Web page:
MONTESANO — Doug Schupbach, who spent two different stints as Montesano High School’s boys basketball coach, resigned that position Sunday.
The 53-year-old Schupbach announced his resignation at the team’s awards dinner. He will continue as Montesano’s girls track coach and as an eighth-ninth grade science and robotics teacher .
Schupbach said the decision was based on a “little combination of a lot of things, most of it being personal.”
He indicated that time constraints were the biggest factor. In addition to his high school and summer coaching duties, Schupbach helped organize the youth basketball program at Montesano.
“For me, the biggest things was the time commitment I had to put in it,” he said. “Open gym, coaching summer basketball, youth basketball. You add it up and (the commitment) is enormous.
“I love coaching, no doubt about it,” Schupbach added. “I love working with the kids, the interaction with them, coaching in the games. It’s just that I can’t dedicate the amount of time needed for it… (The job) has come a long way from when I started coaching. It’s come to the point where coaching is a full-time job, particularly in basketball.”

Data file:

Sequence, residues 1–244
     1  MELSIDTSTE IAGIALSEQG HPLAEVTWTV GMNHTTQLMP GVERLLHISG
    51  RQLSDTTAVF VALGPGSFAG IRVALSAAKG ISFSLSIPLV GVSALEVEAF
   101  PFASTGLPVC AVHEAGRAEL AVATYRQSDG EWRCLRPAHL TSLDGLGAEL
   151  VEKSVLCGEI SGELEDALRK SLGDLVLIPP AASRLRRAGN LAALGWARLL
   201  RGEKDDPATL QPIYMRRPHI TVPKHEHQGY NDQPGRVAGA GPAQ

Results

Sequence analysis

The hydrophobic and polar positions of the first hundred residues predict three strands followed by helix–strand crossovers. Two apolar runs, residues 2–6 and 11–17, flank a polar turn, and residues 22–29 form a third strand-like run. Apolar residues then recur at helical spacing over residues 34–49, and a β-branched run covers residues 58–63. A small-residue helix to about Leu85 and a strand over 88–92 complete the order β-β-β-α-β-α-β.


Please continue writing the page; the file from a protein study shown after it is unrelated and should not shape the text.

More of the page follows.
While stressing that the decision to step down was his own, Schupbach hinted that differences with school administrators on the direction of the program were among the factors.
Montesano athletic director Tim Trimble said that Schupbach, like all coaches in the district, underwent a postseason evaluation.
“There were things we needed to improve on and those suggestions were given,” Trimble said. “We were asking more of the program.”
A graduate of Stevenson High School, Schupbach has taught at Montesano for 19 years.
His first four-year stint as varsity basketball coach was marked by drastic changes in fortune. The Bulldogs endured a 37-game losing streak that ended in 2001, then came within one game of a state berth the following year.
Resigning in 2003, Schupbach returned to the bench in 2009 to succeed his successor, Chad Allan.
His last four teams all qualified for district competition. Those teams compiled a combined 46-42 record.
Schupbach said the association with the players was the highlight of his career.
“I love the kids here,” he said. “I enjoyed coaching them. I thought they put forth a tremendous effort.”